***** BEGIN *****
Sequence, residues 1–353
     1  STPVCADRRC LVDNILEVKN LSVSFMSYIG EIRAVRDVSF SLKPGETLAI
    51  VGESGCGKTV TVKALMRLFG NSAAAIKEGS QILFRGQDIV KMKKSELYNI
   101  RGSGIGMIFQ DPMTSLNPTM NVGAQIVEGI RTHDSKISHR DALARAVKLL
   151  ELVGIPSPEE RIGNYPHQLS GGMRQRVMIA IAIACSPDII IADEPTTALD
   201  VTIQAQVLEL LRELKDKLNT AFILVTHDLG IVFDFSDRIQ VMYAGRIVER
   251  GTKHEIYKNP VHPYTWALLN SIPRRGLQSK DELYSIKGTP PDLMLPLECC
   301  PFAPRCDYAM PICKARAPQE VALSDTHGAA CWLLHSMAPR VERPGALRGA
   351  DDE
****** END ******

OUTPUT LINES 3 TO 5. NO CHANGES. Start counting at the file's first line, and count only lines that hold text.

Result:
    51  VGESGCGKTV TVKALMRLFG NSAAAIKEGS QILFRGQDIV KMKKSELYNI
   101  RGSGIGMIFQ DPMTSLNPTM NVGAQIVEGI RTHDSKISHR DALARAVKLL
   151  ELVGIPSPEE RIGNYPHQLS GGMRQRVMIA IAIACSPDII IADEPTTALD